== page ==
Irrespective of this, we can now foresee further interest rate cuts by the Fed in March. For the European Central Bank (ECB) we are somewhat more cautious in this regard but expect its bond purchases to increase. Our view on bonds has shifted. After strong demand for government bonds in recent days and a corresponding fall in yields, we are now neutral on U.S. and German government bonds which we expect to trade sideways for the foreseeable future. Elsewhere we expect more movement. In view of the market weakness in recent weeks and our continued cautiously optimistic outlook, we increased the weighting of some higher-yield bonds at the beginning of March – in particular, euro-denominated corporate bonds, U.S. corporate bonds in the high-yield segment (where stock selection remains important, not least because of distortions in the energy sector), emerging-market government bonds and Italian sovereigns. Our moves may be quite early, given the expected continued volatility in the markets and the coronavirus uncertainty. But by the time the market expects an improvement in the epidemic, yield spreads are already likely to have narrowed.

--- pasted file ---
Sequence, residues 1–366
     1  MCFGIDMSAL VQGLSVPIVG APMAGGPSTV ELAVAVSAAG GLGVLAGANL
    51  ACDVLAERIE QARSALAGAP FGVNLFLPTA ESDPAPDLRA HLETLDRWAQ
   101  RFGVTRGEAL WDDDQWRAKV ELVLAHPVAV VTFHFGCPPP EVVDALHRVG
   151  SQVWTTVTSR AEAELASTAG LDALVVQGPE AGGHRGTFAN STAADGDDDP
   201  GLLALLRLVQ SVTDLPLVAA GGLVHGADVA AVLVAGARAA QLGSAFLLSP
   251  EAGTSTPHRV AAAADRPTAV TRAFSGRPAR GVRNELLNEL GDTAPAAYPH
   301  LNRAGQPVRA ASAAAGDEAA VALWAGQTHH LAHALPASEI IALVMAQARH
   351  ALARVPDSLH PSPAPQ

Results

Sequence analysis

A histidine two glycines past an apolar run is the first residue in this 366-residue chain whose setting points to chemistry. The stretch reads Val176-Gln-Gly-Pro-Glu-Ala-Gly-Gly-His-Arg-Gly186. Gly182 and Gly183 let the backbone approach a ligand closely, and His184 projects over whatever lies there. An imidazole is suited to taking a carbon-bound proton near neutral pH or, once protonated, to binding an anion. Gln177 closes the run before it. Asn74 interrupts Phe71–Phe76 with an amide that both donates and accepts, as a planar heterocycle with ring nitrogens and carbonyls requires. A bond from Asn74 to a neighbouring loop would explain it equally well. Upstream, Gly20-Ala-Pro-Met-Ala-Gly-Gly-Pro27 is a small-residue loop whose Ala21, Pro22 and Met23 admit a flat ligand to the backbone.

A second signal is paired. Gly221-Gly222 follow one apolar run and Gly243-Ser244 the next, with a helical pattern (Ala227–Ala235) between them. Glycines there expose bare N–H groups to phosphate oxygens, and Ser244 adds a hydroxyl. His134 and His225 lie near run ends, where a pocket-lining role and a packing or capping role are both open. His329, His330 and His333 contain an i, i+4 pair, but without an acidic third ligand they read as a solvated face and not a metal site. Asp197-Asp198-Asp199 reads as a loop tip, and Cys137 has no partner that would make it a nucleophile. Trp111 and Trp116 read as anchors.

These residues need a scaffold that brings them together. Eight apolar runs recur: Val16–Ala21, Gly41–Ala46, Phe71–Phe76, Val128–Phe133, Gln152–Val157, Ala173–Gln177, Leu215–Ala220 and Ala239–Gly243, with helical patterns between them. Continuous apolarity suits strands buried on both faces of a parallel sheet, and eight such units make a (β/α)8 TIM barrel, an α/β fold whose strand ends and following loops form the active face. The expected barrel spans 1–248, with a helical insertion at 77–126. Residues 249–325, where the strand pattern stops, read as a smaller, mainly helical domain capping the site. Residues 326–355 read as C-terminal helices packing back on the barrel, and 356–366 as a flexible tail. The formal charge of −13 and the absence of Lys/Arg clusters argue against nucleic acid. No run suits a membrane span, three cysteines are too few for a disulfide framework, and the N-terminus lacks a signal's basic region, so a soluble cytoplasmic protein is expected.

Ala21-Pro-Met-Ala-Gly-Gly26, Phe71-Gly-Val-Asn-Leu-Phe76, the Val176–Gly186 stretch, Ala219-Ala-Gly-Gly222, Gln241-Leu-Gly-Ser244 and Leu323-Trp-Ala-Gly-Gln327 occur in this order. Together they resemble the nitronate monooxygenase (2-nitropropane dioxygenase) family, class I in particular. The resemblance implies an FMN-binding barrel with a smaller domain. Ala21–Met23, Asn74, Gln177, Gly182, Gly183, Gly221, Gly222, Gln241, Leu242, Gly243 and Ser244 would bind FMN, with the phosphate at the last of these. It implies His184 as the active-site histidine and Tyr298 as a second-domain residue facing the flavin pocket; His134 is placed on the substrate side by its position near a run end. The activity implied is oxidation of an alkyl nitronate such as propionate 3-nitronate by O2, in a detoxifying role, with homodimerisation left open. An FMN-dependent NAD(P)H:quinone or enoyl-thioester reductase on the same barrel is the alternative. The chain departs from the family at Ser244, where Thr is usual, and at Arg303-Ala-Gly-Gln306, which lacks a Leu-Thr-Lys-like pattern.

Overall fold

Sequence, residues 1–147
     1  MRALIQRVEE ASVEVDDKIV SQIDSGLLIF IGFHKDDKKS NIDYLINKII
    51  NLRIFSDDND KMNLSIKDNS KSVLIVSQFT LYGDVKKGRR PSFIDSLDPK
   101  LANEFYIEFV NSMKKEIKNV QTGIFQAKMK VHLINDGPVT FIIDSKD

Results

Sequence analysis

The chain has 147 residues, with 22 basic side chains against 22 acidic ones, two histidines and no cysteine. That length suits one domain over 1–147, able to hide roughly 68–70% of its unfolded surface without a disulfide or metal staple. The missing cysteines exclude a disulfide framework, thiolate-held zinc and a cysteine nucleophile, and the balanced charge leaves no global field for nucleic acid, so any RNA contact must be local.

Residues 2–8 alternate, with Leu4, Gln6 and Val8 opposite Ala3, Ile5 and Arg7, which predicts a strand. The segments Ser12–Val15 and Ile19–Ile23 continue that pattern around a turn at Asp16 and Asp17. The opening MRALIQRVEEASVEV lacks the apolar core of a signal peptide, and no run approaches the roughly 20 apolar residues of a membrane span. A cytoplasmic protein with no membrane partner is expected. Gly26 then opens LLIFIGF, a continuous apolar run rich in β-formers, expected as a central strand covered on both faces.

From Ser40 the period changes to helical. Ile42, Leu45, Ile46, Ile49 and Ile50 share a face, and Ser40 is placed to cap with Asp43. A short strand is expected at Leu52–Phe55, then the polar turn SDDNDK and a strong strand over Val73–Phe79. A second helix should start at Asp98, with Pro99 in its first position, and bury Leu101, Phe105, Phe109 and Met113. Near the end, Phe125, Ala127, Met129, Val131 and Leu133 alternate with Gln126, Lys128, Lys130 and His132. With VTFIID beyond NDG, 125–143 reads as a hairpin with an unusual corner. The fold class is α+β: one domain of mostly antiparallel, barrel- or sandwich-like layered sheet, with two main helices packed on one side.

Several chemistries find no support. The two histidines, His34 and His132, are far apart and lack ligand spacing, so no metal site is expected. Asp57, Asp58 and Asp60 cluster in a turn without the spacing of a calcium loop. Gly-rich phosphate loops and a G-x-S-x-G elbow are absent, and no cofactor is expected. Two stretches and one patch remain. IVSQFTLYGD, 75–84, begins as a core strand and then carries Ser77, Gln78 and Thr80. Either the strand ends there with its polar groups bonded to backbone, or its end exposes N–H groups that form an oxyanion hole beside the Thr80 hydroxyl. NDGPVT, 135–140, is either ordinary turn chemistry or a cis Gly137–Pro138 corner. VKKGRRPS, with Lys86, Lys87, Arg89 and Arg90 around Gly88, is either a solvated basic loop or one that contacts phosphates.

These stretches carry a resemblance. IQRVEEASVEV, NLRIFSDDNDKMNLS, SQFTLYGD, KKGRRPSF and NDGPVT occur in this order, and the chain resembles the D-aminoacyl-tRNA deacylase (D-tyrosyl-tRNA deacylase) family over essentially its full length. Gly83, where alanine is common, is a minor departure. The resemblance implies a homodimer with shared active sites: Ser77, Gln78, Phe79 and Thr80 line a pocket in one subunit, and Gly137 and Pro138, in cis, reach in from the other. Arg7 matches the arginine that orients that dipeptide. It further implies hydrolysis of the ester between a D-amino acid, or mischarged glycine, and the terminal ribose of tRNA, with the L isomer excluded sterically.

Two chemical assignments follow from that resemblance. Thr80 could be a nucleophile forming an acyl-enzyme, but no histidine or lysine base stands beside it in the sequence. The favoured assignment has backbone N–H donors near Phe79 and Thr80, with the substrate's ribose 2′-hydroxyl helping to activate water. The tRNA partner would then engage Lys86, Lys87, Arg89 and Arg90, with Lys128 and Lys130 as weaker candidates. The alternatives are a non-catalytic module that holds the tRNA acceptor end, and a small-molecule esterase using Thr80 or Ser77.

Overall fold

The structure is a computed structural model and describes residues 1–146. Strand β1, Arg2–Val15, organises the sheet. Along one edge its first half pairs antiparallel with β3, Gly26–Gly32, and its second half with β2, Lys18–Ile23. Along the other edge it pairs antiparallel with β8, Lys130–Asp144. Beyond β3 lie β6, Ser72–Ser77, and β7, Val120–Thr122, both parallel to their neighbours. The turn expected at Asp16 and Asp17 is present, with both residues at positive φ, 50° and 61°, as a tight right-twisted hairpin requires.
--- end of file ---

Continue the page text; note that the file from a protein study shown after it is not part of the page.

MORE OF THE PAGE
From a tactical perspective, we have made the following changes in the equity segment. First, we now expect the S&P 500 to move sideways in a volatile way in the coming weeks following the correction. In the current environment, we cannot imagine that there will be a sustained rise in valuation multiples. Rather we believe, earnings forecasts for this year will be revised down noticeably. Instead of around 5% globally, we now expect earnings to stagnate. From a sector perspective, we have upgraded real estate from negative to neutral and financials from positive to neutral due to the faster than expected change in interest rates and the gloomy growth outlook. On the other hand, we have upgraded the healthcare sector to positive. In addition to its relative attractive valuation, our assessment that the headwind from U.S. policy is likely to ease for the time being also speaks in favor of this sector. We have also upgraded European small caps. Above-average earnings growth and takeover activity are among the factors that continue to be supportive for the sector. We will decide shortly as to what extent our strategic price targets need to be adjusted downwards. Based on our core scenario, however, we remain optimistic, even if the markets are likely to be rougher than expected in the coming months.